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October 22, 2018

9/21/2018 11:51:00 AM
North Branch School Board celebrates JRROTC, sets 2019 levy

There were four of six School Board members in attendance at last week’s North Branch School Board meeting to congratulate the Air Force Junior ROTC program participants on recent honors.  (Mindy Michaud resigned over the summer, due to moving out of the district and Cathie Pascavage was absent.)

The  officers’ group was introduced by North Branch High School’s Colonel Paul Johnson.  He said North Branch’s program is known for being student-led and its options for participation.  There’s a color guard, marksmanship team, drill team and several other breakout groups that give students, who have varying interests, choices.  

The organization’s “one key mission” Johnson said, is to “...develop citizens of character.”

The JRROTC members received certificates from the school board at the start of the meeting.

The main order of business was to vote on a preliminary levy for 2019.

Jon Ellerbusch, Finance Director, explained how the district ordinarily sets the maximum allowed by state formula based on market valuation and tax capacity of the district.  This is what the Board adopted 4-0.  

Between now and December it can be decreased but is not allowed to go up.  

Out of $31 million total of all levies, the state aid in 2019 is estimated to be $21.8 million.  

North Branch’s General Fund, one of the largest of its 20 different levy categories, is dropping by $292,492.

The school board will hold an informational taxation hearing for the public December 13 and get more detail on the budget, which is a work in progress.  

The first payment on this levy will be in May 2019.

Taxpayers, however,  get their tax statements in the mail in November-- so the impacts and levies shown are considered estimates.

Schools in Minnesota have multiple distinct levies that roll into one tax statement. They range from funding school employee retirement accounts to expenses for health and safety related projects at sites,  and everything in between.  

Ellerbusch said North Branch will also apply its Long Term Facilities & Maintenance revenue to debt service, which is $962,000 (of which $424,000 is local levy raised and the rest is a state aid formula.)  

Much of the impacts providing funding for the voter-approved levies for on-going capital projects, additions, remodels and an operating levy have been felt already as of last year’s taxes.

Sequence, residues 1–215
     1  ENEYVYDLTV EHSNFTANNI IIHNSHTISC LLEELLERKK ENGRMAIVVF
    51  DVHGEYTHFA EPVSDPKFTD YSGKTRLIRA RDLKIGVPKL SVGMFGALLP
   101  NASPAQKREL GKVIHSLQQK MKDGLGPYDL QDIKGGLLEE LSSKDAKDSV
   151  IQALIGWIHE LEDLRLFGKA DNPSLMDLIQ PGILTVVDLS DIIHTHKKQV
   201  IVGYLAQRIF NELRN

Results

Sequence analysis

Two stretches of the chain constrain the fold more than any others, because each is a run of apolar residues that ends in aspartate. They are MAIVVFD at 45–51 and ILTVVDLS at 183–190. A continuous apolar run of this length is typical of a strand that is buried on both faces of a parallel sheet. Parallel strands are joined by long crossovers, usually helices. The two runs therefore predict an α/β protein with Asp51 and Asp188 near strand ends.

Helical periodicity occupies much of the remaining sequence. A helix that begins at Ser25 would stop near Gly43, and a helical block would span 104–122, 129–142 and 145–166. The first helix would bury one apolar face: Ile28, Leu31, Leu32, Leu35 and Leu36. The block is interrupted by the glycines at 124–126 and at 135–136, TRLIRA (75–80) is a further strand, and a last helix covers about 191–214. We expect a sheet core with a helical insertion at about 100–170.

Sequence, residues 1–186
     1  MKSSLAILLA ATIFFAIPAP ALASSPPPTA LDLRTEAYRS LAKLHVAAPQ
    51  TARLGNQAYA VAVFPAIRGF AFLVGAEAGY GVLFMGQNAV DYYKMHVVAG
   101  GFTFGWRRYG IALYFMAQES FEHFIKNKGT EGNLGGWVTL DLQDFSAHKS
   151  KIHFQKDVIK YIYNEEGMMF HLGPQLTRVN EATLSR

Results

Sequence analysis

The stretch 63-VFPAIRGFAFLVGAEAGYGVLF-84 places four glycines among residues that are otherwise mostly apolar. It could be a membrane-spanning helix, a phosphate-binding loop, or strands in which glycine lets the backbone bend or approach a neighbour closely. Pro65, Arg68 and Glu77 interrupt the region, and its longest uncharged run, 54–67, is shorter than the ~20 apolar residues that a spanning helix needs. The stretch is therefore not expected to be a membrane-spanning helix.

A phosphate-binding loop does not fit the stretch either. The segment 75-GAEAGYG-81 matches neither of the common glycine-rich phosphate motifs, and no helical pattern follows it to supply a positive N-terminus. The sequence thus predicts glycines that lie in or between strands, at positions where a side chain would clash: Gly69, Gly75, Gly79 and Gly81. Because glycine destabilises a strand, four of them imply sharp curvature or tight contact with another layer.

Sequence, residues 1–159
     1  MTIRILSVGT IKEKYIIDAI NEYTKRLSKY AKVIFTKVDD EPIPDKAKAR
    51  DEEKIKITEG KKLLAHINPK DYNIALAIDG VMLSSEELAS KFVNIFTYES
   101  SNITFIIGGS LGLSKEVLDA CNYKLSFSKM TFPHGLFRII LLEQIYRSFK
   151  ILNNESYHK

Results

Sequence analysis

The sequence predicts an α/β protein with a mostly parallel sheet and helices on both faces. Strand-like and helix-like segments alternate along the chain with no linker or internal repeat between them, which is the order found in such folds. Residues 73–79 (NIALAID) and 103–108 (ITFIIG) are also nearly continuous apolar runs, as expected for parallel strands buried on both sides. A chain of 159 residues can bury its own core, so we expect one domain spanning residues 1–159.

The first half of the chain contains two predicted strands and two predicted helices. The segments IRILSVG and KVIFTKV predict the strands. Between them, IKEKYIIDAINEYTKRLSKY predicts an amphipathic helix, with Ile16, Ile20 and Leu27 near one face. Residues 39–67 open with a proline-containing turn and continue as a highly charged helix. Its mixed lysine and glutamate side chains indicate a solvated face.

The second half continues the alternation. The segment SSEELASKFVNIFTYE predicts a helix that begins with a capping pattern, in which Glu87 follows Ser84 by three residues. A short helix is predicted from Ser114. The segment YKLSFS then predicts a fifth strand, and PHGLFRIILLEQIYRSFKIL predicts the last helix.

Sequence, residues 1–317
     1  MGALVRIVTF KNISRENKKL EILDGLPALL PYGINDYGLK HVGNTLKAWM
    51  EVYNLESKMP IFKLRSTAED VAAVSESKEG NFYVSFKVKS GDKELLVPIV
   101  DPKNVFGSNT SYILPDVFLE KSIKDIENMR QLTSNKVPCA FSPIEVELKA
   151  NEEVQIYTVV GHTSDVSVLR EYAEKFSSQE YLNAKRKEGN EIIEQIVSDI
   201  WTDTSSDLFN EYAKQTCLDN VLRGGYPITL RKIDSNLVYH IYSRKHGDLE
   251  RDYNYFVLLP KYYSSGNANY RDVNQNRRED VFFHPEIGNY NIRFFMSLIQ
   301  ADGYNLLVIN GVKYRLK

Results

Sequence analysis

Ellerbusch added that with North Branch (property) market valuation improving and as new homes generate added property tax, it’s hard to state the tax impact on any individual parcel for 2019 at this time.

Those referendum projects are moving along, school principals reported.  No serious issues are being encountered except high school parking is squeezed right now.  At the middle school the referendum projects restricted the ability to hold Open House for older students and parents, greatly dimishing turnout at the grades 6,7 and 8 orientations.  

But, Principal Tetzlaff said improvements to traffic patterns through reconfiguring the exits and parking lots and front entry-- are well-received.  New “bright cheerful spaces” have been built into the school as part of the remodel, and HVAC equipment and systems upgrades are appreciated for “improving the learning environment.”

P.S. Tetzlaff said, the middle school still has an open position for lunchroom supervisor.

Superintendent Dr. Deb Henton remarked that district officials understand people are eager to see the new amenities and remodeling at all the sites -- but the district is going to wait until everything gets completed and schedule tours next year.

She distributed her signature start-of-the-year talisman --which is a bracelet for 2018-2019-- that has the words “It starts with me” on it.  Henton said for 11 years she distributed pins as a team builder.  She also expressed for those in the school board audience, how grateful the district is for the supportive vote as taxpayers allowed funding for much needed improvements in the district.

The school board has three seats on the ballot this November-- the two expiring and the special vote to fill the Michaud seat.  Chair Kirby Ekstrom and Sarah Grovender have filed for re-election along with Kevin Bollman and Chris Kester.

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